CHARLOTTE, N.C. — President Joe Biden is asking people to not lose faith in the banking system following the collapse of Silicon Valley Bank (SVB) and Signature Bank over the weekend.
The failure of SVB is the second-largest bank failure in U.S. history. Despite this, the federal government is assuring depositors they will be protected and their money is safe.
SVB worked closely with startups and loans for tech ventures.
Christine Edwards is the founder of Civility Localized, a Charlotte-based business that works with local and state governments to enhance their community engagement.
“It was very scary to think that a bank that is hosting so many startups and small businesses, and really any bank… going under like that," Edwards said. "When it's unexpected, it's going to be scary."
She said she was on alert after learning of the bank collapse.
“I definitely was checking on my bank accounts, and thinking about the next payroll, and the next one after that,” Edwards explained.
Thankfully she learned the company she uses for payroll does not use SVB to fund customer payroll services.
“I was relieved, but at the same time, kind of alarmed that it would even affect me,” Edwards said.
U.S. Rep. Jeff Jackson, who represents North Carolina's 14th District in Mecklenburg and Gaston counties, shared more about what caused the shutdown.
“There was a bank in California that lost a bunch of money and then a bunch of the depositors got scared. They all went to get their money out and it was a classic run on the bank. The federal government, through the FDIC, went in three days ago, and closed the bank,” said Jackson.
He also shared this tweet breaking down what happened.
Michael Walden, a distinguished professor emeritus at North Carolina State University, said the institution put a lot of investments in tech.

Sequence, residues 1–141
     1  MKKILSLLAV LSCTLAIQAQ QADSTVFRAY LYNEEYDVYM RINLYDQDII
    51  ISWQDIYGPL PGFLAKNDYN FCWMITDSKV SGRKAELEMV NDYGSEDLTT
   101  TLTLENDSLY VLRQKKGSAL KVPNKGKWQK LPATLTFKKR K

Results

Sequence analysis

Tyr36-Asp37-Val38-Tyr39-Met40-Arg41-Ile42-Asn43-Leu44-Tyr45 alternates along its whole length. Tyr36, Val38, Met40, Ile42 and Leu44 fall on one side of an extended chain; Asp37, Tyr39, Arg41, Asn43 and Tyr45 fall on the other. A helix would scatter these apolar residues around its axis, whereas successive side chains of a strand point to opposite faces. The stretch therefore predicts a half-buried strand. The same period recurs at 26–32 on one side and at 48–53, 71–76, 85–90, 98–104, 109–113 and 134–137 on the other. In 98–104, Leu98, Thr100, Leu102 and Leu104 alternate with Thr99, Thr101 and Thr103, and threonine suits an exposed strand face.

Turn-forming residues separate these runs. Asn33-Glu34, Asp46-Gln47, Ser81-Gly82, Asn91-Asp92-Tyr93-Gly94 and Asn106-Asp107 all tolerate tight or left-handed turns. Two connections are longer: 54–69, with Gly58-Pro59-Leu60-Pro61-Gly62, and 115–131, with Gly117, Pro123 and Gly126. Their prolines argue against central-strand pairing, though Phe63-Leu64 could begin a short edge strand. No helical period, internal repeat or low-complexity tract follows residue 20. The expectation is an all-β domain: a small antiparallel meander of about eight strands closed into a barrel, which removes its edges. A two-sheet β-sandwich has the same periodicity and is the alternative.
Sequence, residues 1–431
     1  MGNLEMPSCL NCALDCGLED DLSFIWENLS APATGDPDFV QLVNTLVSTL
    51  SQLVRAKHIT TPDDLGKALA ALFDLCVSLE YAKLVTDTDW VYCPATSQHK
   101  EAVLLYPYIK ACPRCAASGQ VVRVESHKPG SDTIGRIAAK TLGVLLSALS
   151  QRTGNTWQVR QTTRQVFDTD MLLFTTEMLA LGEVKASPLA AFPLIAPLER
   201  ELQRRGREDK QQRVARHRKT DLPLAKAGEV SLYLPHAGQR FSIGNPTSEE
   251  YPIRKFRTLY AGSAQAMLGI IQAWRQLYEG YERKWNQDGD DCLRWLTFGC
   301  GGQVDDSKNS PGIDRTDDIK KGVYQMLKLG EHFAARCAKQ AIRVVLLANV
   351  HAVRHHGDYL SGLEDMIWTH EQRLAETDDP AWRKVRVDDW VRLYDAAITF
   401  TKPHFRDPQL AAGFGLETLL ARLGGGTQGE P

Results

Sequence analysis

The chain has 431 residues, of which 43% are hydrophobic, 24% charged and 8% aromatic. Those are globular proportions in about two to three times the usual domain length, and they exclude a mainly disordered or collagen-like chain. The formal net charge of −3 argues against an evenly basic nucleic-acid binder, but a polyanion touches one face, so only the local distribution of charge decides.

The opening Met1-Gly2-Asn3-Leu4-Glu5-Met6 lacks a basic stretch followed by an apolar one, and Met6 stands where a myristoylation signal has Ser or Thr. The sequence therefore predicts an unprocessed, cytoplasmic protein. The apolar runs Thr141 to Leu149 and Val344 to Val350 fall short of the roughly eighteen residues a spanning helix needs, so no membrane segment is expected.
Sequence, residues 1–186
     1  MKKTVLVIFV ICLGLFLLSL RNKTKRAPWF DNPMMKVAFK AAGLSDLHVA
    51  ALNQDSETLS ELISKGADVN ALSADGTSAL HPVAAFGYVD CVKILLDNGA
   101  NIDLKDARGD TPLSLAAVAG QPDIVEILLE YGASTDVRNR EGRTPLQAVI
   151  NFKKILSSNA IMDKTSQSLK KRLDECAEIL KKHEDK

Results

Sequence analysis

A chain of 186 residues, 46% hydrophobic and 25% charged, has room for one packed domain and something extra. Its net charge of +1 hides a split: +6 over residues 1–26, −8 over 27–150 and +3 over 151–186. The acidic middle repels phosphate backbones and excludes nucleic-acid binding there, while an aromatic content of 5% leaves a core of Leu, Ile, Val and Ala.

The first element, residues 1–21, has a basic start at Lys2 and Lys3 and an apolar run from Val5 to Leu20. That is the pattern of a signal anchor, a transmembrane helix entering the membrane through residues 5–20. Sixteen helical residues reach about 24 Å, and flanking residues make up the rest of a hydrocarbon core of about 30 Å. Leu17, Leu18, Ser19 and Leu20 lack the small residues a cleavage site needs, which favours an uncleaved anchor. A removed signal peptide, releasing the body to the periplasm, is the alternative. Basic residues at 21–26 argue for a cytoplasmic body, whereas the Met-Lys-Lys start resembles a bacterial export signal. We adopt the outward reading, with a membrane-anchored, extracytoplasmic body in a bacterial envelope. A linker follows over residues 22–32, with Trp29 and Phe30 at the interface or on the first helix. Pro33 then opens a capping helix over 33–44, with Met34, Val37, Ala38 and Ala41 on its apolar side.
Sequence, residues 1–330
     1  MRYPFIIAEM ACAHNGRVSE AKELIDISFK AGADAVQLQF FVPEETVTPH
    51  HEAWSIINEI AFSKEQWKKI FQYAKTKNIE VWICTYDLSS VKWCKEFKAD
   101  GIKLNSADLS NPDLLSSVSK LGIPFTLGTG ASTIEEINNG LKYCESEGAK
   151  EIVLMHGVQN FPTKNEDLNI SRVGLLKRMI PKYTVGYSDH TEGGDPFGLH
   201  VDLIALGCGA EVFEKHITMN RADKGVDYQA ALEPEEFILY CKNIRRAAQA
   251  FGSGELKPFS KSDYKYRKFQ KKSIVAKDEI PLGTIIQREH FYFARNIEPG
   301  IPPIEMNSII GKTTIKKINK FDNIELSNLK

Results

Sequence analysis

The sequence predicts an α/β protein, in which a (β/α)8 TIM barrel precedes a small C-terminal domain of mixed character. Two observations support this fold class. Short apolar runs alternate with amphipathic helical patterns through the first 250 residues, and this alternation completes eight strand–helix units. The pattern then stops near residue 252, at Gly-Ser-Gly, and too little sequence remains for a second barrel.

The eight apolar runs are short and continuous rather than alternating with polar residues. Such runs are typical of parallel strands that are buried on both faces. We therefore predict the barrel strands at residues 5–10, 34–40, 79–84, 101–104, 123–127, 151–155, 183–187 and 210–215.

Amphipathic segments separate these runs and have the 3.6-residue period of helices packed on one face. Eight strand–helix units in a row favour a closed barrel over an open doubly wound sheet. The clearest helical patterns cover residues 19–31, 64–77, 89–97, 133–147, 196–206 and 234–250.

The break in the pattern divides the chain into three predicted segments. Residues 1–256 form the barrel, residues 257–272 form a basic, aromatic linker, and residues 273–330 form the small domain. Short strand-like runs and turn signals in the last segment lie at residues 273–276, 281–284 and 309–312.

“Since the middle of last little last year, the tech sector has been contracting. They now realize they over-expanded. So a lot of these investments were not paying off like the bank expected,” Walden explained.
The federal government has taken steps to protect depositors beyond the $250,000 insured limit.
“All of the depositors will be made whole. Not the shareholders, the people who own stock in the bank, they're getting wiped out, because the bank failed. The management… they're done,” Jackson said.
Walden said it’s important for people to understand it is not a problem with the entire banking system.
“The real problem here is what's called 'contagion.' That you [spread] the fear that was developed from this one bank collapsing to all other banks," Walden explained. "Even healthy banks and people go and try to get their money out."
Lawmakers are working to prevent a wider financial crisis.
"All you need to know today is that your deposits in your bank are safe," Jackson said. "That's the mission of today: make sure that we don't have a run on the banks so that we can have a political debate and not a financial crisis."
Jackson said lawmakers will examine the amount of risk smaller and regional banks are able to take.
“There were some changes a few years ago, that loosened up some regulations that allowed them to take more risks," Jackson said. "And I think those changes will now be under extreme scrutiny."
Edwards said this is an opportunity for businesses to take a look at how they handle their finances.
“So not putting all your eggs in one basket, especially as a business owner," Edwards advised. "Making sure that you have different accounts for different needs within your business."
Edwards said she would like to see more financial education services made available to small businesses so companies like her have the tools they need to make the best decisions.
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